This is the fourth part of my Effective Shell series, a set of practical examples of ways to be more efficient with everyday tasks in the shell or at the command line. Part 1: Navigating the Command Line Part 2: Become a Clipboard Gymnast Part 3: Getting Help Part 4: Moving Around Part 5: Interlude - Understanding the Shell Part 6: Everything You Don't Need to Know About Job Control Part 7: The Subtleties of Shell Commands In this article we'll look at the key elements of navigation in the shell.
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Dynamic and Configurable Availability Zones in Terraform

When building Terraform modules, it is a common requirement to want to allow the client to be able to choose which region resources are created in, and which availability zones are used. I've seen a few ways of doing this, none of which felt entirely satisfactory. After a bit of experimentation I've come up with a solution which I think really works nicely. This solution avoids having to know in advance how many availability zones we'll support.
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A portable and magic-free way to open Pull Requests from the Command Line

This little bash snippet will let you open a GitHub or GitLab pull request from the command line on most Unix-like systems (OSX, Ubuntu, etc), without using any magic libraries, ZSH tricks or other dependencies. Here's how it looks in action OSX: And Ubuntu: The script is available as the gpr.sh gist. You can also find it in my dotfiles, in the git.sh file. The Script Here's the script in its entirety:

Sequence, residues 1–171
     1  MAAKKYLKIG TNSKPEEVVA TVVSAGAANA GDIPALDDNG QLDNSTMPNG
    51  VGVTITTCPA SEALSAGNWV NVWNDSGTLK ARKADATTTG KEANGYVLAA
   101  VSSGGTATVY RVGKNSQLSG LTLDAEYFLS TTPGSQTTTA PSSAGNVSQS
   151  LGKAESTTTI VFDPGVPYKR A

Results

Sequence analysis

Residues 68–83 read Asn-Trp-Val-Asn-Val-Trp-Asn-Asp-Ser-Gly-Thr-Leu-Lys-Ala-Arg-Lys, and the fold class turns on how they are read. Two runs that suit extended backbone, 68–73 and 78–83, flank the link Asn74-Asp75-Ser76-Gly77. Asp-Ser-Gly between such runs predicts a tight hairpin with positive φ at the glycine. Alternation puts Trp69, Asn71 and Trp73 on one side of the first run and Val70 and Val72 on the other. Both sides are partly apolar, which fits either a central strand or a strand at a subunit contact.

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Manipulating Istio and other Custom Kubernetes Resources in Golang

In this article I'll demonstrate how to use Golang to manipulate Kubernetes Custom Resources, with Istio as an example. No knowledge of Istio is needed, I'll just use it to demonstrate the concepts! Istio is a highly popular Service Mesh platform which allows engineers to quickly add telemetry, advanced traffic management and more to their service-based applications. One interesting element of how Istio works is that when deployed into a Kubernetes cluster, many key configuration objects are handled as Custom Resources.
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Procedural Smiles - Animating SVG with pure JavaScript

I recently needed to be able to generate a simple face image, with the face being able to scale from happy to sad. (Why I needed to do this is a long story!) This gave me the opportunity to have a play with SVG, which is something I've not done in a while and always wished I could spend more time with. You can see the result below, move the slider to see the smile animate:
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Patching Kubernetes Resources in Golang

Recently I needed to be able to quickly adjust the number of replicas in a Kubernetes Replication Controller. The original solution I'd seen pulled down the spec, modified it, then updated it. There's a better way! There's a patch API for Kubernetes resources. Patching resources is faster and easier than pulling them and updating the spec wholesale. However, the documentation is a little limited. After some trial and error I got it working, here's the solution.